I can't say too much about this story, being that it is still relatively new and I don't want to spoil it for anyone. What I will say is that it is super fast paced and fantastic. I love the relationship between Allison and Ethan, how he knows he's not really enough to protect her against her paranormal foes, but he would die trying anyway. I hate that she has to keep lying to her friends and family but completely understand her need for doing so. Even in as difficult a time as they face in this story.
Aoife is as hateful as ever in this installment and proves that she will literally stop at nothing to win the right to rule... even if it means dozens more die in the process. She seems to care for nothing and no one and plows through the lives of those she deems lesser than her.
One of my favorite characters is Allison's grandmother. Despite the hardship she's been through, and having to deal with Allison's constant disappearing, she is still super supportive of Allison. She's sweet and kind and caring and even with everything going on around her she still wants to try and help Allison have as normal a life as possible. And she accepts all of Allison's excuses without getting angry at her or demanding too much of an explanation.
Well, the roller coaster ride is over. It's time to get out of the car. A Place Beyond was the final loop in the track and was well worth the wait to get to it. Once I finally got a chance to sit down and really get in to the story it moved along quite quickly, not really giving you a chance to relax and take a breath before moving on in to another exciting bit of the book.
It's kind of sad that it's over. I enjoyed the series immensely. Irish lore has always intrigued me and with this story it was like it had come to life in front of my eyes. I enjoyed watching Allison mature and grow. I enjoyed watching her and Ethan grow together. It was nice to see her "friends" become real and true companions. And... well, I can't say much more.
If you haven't read the series, I highly recommend it. Start with The Forgotten Ones and just jump right in. It's a magical world and the descriptions are amazing along with the characters. It's a fun read and an exciting one as well. You won't regret it!...more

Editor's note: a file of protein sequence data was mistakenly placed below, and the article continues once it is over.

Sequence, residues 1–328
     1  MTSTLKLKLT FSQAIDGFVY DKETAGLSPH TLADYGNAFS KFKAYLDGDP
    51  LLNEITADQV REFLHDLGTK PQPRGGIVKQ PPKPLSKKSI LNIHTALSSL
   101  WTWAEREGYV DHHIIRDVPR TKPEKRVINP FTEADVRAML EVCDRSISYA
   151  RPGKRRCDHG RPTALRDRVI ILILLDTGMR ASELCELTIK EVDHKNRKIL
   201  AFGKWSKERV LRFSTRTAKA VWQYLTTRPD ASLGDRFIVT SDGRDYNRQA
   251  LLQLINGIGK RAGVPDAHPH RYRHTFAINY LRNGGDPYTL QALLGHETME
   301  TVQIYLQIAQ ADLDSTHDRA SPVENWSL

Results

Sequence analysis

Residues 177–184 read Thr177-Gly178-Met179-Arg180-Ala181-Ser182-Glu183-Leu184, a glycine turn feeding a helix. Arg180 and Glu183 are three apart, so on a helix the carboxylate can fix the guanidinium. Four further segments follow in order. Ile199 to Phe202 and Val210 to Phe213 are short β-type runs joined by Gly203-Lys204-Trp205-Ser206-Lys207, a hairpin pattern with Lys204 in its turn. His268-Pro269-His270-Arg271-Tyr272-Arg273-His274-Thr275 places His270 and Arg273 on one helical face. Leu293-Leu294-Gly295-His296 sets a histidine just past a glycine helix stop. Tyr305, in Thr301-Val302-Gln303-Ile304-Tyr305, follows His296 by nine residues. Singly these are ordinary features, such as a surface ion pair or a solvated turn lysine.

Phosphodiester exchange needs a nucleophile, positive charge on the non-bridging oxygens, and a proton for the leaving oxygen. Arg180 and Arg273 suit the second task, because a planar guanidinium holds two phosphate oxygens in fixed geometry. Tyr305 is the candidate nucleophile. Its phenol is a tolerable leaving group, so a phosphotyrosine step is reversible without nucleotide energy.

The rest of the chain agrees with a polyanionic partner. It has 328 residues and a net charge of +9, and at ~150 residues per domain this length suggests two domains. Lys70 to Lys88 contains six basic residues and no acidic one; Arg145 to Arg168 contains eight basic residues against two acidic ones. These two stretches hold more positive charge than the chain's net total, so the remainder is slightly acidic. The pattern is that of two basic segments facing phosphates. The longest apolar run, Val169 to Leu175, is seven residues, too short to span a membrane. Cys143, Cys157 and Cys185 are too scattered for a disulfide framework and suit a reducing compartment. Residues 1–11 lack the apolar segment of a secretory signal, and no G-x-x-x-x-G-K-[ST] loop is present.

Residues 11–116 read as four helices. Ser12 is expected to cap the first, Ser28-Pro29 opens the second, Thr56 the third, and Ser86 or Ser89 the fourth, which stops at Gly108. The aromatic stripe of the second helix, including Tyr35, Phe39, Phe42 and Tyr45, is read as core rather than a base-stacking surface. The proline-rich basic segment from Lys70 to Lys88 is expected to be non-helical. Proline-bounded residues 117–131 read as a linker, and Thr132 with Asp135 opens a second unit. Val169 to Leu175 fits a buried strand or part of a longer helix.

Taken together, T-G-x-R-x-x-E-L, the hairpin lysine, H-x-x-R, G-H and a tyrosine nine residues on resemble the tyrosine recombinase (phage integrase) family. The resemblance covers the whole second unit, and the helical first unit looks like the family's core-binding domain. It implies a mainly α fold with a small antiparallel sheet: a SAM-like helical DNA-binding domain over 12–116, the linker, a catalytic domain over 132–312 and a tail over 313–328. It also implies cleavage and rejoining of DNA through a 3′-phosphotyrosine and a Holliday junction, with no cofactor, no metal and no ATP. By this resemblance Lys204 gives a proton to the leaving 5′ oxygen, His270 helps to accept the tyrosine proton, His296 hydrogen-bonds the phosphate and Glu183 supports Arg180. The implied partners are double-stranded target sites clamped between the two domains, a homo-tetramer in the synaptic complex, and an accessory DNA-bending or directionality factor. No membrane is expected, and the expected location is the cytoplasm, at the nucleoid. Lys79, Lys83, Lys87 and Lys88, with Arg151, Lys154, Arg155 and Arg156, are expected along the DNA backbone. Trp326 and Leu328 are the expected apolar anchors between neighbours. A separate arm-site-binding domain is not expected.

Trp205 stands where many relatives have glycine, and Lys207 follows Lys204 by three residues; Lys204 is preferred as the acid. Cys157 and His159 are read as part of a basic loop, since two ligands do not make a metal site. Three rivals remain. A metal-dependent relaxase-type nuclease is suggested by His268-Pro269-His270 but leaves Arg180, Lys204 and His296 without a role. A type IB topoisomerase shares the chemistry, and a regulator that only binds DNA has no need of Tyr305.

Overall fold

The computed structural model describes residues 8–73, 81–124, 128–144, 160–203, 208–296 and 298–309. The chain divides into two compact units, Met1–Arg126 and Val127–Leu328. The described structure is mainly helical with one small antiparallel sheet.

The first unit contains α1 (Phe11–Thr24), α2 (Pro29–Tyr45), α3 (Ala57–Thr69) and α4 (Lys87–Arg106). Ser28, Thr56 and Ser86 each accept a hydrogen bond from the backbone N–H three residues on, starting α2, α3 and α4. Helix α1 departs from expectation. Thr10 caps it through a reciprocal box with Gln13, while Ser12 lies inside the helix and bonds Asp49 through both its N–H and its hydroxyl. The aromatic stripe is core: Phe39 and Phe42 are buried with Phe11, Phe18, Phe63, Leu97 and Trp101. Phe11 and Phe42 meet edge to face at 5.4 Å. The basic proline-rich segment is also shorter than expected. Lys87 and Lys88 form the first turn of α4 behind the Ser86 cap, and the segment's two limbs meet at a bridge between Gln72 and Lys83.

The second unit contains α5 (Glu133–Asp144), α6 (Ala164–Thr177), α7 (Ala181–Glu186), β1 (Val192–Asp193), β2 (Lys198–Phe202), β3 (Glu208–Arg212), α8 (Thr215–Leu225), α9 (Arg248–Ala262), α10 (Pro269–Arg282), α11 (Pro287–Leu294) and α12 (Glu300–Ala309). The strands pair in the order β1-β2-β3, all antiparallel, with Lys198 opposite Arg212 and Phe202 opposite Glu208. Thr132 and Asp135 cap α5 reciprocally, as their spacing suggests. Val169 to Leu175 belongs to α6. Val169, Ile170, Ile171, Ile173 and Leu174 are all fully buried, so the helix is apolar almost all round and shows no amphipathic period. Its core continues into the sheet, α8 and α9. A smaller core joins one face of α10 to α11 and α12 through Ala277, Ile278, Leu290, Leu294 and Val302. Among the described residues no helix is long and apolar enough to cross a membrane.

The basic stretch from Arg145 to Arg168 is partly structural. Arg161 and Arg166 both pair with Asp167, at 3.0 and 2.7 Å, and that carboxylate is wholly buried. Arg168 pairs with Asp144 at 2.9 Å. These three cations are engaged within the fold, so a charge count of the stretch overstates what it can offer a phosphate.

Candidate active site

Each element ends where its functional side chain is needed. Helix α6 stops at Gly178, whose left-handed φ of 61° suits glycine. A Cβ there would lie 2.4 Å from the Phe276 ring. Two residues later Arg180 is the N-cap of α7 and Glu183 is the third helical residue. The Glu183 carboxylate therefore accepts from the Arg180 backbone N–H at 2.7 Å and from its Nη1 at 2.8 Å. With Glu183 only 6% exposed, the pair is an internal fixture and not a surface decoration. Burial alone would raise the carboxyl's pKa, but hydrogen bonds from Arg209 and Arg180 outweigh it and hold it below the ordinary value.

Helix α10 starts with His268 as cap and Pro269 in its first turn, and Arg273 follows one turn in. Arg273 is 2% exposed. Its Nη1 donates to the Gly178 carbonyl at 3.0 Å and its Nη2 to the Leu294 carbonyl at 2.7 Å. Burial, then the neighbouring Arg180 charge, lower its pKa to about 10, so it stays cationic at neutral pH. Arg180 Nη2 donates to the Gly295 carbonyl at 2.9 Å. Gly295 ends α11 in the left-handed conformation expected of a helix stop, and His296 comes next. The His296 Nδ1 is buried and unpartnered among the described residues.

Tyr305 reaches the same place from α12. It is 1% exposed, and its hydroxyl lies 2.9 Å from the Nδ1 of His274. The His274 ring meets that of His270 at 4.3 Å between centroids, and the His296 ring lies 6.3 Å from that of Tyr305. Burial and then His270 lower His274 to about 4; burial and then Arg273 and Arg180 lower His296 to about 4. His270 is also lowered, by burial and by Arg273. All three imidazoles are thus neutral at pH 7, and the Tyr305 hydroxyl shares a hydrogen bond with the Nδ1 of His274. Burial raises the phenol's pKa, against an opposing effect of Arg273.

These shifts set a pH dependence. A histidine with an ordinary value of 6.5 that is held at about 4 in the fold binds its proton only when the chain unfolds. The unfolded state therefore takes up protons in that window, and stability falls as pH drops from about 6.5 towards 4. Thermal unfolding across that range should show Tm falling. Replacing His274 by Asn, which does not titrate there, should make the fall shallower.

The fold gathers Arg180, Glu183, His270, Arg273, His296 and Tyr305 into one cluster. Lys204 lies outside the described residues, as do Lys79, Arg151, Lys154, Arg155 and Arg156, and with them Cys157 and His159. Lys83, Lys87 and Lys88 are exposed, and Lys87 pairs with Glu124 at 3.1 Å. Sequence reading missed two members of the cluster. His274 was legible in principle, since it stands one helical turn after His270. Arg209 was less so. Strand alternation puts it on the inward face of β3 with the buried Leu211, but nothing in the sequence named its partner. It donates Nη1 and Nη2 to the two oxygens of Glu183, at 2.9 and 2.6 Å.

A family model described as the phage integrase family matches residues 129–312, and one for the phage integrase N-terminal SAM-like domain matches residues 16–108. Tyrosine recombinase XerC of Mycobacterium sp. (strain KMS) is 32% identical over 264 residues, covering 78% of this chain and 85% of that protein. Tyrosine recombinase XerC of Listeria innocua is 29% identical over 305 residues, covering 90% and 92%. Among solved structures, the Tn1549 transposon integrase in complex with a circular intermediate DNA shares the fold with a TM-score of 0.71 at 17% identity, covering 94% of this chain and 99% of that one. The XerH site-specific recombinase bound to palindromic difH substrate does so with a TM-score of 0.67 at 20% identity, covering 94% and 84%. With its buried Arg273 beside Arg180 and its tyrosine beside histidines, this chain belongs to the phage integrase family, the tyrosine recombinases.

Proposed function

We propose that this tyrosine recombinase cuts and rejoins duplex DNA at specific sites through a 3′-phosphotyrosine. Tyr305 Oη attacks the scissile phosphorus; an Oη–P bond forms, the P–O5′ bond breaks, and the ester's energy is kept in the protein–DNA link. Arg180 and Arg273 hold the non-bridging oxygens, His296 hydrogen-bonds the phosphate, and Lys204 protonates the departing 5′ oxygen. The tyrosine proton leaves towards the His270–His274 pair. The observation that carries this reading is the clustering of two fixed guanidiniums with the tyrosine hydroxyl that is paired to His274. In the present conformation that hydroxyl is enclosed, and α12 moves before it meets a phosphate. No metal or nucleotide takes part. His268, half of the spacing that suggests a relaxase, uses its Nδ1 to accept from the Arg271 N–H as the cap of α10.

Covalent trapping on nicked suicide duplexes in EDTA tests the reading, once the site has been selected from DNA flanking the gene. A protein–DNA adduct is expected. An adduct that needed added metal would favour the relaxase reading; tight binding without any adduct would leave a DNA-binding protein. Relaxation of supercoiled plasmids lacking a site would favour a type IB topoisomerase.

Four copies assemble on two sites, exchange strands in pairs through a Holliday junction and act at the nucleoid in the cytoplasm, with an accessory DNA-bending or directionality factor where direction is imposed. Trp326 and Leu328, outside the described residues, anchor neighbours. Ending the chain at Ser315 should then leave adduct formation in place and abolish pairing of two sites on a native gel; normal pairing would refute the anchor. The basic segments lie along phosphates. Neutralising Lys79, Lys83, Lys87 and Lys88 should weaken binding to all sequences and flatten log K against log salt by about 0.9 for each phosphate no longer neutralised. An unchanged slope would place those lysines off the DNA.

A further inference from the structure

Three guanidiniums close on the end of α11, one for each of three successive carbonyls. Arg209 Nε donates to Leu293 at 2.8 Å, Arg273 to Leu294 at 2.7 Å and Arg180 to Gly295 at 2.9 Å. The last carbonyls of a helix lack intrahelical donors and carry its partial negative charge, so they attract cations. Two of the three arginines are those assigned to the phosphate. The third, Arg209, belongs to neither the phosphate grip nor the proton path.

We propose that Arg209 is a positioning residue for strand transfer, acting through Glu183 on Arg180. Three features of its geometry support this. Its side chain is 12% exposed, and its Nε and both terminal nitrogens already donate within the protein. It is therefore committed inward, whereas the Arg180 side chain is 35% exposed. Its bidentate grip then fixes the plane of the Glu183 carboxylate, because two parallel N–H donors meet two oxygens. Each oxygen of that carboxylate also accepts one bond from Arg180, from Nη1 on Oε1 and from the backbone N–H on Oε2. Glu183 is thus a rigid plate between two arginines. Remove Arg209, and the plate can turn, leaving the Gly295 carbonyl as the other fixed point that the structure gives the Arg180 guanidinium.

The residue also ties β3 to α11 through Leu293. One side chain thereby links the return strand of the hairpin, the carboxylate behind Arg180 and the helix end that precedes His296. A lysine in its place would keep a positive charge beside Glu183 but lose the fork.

I've been reading a lot of Amish fiction lately. And unfortunately due to an email mishap I was not able to get this review up when I normally would..I've been reading a lot of Amish fiction lately. And unfortunately due to an email mishap I was not able to get this review up when I normally would... BUT we're here now. And Huckleberry Spring (book 4 in the Matchmakers of Huckleberry Hill) by Jennifer Beckstrand was definitely worth the scramble and stuffing my ears in headphones with movie soundtracks blasting and blocking out any other noise so that I could read straight through until I'd finished it.
Emma Nelson and Ben Helmuth were engaged and in love. The ideal couple. The type that made everyone else wish they could be them. Incredibly in love. And then it was over. Engagement was broken and Ben was gone. To Florida of all places. Leaving Emma in Wisconsin to mourn and try and put on a brave face so no one scolded her for crying or tried to make her feel better either.
Anna Helmuth was not easily dissuaded and was bound and determined to put the two lovebirds back together again. She convinced her husband, Felty, that he needed some fixing. Needed to get Lasik surgery for his eyeballs, his deviated septum repaired, plantar warts removed.... all in the name of love. Because if Felty was laid up recovering then Ben would HAVE to come back to help out with the chores until he was up on his feet again. And, it just so happens that at that same time Anna decided she needed a giant pumpkin and that Emma was the only person in the world that could help her to grow one.
Ben and Emma were thrown together, both wanting to help his grandparents, but neither being able to handle being around each other. Ben wanted Emma to move on. And Emma thought she'd forced Ben away. That she'd disgusted him so much that he had no choice but to leave. Both of them couldn't have been more wrong. Even if it took them forever to figure it out.
I loved this book. I loved Anna and Felty's relationship. Felty didn't think Anna should meddle in Ben and Emma's lack-of-relationship but loved her enough to do whatever she wanted him to do to keep their grandson in Wisconsin. Even if it meant a root canal and a new false tooth.